We the Workers of the World
WALK OUT ON PROFIT
Sincerely Proposed, If Seemingly Preposterous
‘The secret of happiness is freedom,
and the secret of freedom, courage.’
The empire of Profit has come round-the-world home—to “reduce,” colonize and impoverish every last working person on the planet. This means you.
It’s time to get real with the same intensity as Profit. Our human equality is outflanked by an economy whose core mechanism and values undermine law and democracy, big and small. The systemic motto has always been Profit At Any Cost. Now it qualifies also as an ecological cancer killing Earth.
Don’t know what to do? Do nothing, play the game, and what we call life (freedom) has little chance of survival—let alone of thriving, as it should—because Profit increasingly builds its advantages around and against the world’s human ideals.
We defeat ourselves each day in the very terms by which we work—in the fine print of Profit, which tells us there is no other choice.
My aim on this Labor Day 2011 is to ask you to realize and act on fact. We are not trapped.
The value of our daily work is what Profit must have. The place where we work is the central point of power to make change happen. Our power is always already in our hands. No one can take it away from us, unless we allow it.
WOOP (in 5000 words) proposes a sustained local and worldwide cooperative action to reclaim the value of our work, and for the creation of a work-based economy of equals.
Nothing to “believe in,” except that equality means treating others with the justice we expect. No one to harm or demonize: we simply stop living out a very mistaken idea that divorces daily work from well-being and freedom. And no laws to break, since cooperative sharing is not (yet) illegal.
A quick poll at the bottom here poses a key question. And I hope you’ll read through before you’re finally certain of your answer.
Find the act that reclaims the real power of your own work, help others to do so in that act, and working people win. On Earth there is no greater power than every person’s share of work—when we bring it together.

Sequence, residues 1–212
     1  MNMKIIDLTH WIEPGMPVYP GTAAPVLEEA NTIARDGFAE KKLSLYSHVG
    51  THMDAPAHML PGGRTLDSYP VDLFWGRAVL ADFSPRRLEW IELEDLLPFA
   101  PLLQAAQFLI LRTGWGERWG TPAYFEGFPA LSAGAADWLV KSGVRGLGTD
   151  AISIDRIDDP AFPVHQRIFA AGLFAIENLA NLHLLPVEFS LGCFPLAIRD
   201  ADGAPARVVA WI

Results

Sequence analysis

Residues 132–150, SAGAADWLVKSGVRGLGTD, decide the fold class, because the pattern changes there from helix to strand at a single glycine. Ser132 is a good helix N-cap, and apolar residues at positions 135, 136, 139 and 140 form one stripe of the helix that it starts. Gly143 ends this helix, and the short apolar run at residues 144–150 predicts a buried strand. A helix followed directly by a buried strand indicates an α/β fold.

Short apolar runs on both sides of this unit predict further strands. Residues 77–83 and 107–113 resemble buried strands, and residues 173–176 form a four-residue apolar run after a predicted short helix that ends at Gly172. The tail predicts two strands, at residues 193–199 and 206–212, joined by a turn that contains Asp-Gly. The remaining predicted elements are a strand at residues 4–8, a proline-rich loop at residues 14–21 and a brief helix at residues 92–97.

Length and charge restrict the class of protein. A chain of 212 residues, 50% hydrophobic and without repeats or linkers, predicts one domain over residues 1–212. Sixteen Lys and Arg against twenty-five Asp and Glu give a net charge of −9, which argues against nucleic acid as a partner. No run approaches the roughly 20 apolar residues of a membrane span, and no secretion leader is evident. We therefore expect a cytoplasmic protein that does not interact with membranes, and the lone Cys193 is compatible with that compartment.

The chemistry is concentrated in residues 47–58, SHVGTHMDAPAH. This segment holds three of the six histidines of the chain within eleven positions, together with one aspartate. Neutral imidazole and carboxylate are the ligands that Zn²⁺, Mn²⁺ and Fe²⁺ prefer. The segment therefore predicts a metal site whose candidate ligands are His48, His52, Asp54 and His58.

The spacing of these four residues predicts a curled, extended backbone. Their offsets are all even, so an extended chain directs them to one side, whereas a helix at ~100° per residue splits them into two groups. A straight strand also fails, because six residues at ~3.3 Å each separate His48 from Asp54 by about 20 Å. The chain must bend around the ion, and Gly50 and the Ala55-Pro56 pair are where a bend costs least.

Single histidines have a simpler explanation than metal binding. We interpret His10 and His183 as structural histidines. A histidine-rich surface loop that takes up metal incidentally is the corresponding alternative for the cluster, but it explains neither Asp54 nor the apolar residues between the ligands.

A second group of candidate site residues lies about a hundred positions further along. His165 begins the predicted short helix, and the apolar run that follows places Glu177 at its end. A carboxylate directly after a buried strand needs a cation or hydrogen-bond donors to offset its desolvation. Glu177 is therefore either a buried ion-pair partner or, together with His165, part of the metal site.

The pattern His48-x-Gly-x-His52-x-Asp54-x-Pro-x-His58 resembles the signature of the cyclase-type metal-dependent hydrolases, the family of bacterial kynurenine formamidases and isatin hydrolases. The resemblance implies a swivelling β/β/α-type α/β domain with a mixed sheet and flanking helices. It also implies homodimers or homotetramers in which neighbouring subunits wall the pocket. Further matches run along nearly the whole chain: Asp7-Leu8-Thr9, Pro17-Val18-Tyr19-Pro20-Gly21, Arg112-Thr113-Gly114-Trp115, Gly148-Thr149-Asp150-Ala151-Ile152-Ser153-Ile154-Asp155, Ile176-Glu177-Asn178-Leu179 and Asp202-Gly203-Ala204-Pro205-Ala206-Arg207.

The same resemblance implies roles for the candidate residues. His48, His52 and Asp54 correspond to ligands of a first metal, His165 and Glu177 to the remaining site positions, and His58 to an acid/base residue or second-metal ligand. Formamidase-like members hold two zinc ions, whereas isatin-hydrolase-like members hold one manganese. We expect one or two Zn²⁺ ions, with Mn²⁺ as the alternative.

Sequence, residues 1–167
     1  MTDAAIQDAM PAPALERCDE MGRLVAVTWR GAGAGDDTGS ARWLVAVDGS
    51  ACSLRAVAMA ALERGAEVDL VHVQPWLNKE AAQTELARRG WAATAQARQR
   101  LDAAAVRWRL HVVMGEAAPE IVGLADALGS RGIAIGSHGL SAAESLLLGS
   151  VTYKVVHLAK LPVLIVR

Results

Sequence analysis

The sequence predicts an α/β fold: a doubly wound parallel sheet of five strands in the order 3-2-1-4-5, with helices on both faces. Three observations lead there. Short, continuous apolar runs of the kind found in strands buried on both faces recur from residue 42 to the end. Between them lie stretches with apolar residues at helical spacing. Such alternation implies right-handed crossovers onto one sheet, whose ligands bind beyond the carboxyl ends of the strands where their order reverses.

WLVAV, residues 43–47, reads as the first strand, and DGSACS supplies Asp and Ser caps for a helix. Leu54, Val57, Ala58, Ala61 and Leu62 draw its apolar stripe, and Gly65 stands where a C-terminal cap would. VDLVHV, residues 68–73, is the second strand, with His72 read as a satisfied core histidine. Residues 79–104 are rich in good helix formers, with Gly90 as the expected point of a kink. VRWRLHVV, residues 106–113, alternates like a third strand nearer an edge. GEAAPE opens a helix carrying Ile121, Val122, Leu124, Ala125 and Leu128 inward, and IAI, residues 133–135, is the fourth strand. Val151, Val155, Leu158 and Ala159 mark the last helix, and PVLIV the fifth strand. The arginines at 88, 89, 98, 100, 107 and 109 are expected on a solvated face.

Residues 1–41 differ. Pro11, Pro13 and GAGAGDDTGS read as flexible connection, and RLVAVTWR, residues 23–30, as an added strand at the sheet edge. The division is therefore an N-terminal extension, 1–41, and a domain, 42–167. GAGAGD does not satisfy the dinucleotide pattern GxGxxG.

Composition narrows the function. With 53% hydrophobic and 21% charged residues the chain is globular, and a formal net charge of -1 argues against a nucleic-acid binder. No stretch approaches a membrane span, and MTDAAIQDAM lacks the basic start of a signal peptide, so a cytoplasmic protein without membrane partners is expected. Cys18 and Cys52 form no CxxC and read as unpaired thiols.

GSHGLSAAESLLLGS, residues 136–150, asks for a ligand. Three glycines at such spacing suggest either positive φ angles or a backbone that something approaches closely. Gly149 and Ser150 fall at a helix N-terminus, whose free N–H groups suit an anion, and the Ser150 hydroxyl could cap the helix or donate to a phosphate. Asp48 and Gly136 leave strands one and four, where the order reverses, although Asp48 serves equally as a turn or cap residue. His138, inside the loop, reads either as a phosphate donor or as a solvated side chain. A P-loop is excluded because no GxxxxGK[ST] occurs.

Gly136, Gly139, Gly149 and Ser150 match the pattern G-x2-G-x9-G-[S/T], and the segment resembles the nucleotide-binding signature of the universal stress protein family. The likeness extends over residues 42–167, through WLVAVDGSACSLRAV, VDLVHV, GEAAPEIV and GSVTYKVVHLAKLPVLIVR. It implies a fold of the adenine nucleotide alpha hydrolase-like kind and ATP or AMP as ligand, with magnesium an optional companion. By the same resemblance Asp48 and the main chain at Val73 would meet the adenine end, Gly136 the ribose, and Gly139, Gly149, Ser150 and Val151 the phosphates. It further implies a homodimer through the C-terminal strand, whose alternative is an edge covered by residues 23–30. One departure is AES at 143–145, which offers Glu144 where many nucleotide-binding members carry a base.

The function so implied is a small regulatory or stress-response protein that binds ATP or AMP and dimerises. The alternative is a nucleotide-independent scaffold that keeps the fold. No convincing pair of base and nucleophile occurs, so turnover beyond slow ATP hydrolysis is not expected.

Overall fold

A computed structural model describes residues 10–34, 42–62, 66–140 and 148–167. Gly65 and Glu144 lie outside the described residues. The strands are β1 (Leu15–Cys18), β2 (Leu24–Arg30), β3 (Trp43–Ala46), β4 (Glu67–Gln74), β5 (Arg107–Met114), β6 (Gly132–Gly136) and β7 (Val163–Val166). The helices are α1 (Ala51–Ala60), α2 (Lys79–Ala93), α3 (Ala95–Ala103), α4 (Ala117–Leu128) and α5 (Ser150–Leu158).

That is the soul of WOOP: informed, nonviolent, connected and courageously human workers walking out on Profit, and into a world of genuine equals—because of the integrity of each life’s daily work (pulling your weight in the world).
Beyond that burden—which is actually half or less of what you work now every day—each of us knows how to live our own happiness in a heritage of common freedom.
By freedom, I mean no more or less than doing what you want to do with most of each living day, doing no harm. By work, I mean tasks you might not do if life were a fully-free ride, without demands for survival and a sense of self-respect about pulling your weight. I feel sure you’d choose a work-week of 20 hours over the present 40-plus, if we could work it out. We can, but something’s in the way. Let’s go to the root of what profit means.
Please note—Profit is a practice, not a person. There is no reason to demonize, compel, or harm anybody. A Profiteer is addicted to Profit. An addiction is that which you cannot keep from doing, no matter how harmful, in spite of reason. Profit like addiction must always have more. Willfully unconscious to consequences, it cannot help but destroy.
As said, WOOP presents nothing to believe in, and nothing to tear down except one addictive illusion—that the work we each do, one day at a time, rightly makes us un-equals in the world economy.
If others’ deprivations must be part of your rewards for work, reconsider. If you think you’ll lose your motive to work hard, produce excellence and be creative when everybody has the same access to the stores, read on.
If you think your work is harder or “worth more” than what others contribute, and that you should get exclusive privileges and rewards for it, please observe that A) Nobody can work more than one day at a time; and, B) You chose your work. I feel sure that you don’t see yourself as a martyr for the world’s well-being, that you wouldn’t want to “obligate” anyone else into acts or situations against their will because of choices you made for yourself.
Here’s the essential WOOP challenge:
1) Act to recognize and prove the equal value of your and all others’ work; 2) Do your work well in half the compulsory time each week; and, 3) Instead of a paycheck (which now proves that you worked this week), take home an employer-certified card like the current ATM-type—which henceforth gives you equal access to anything in the store of worldwide production.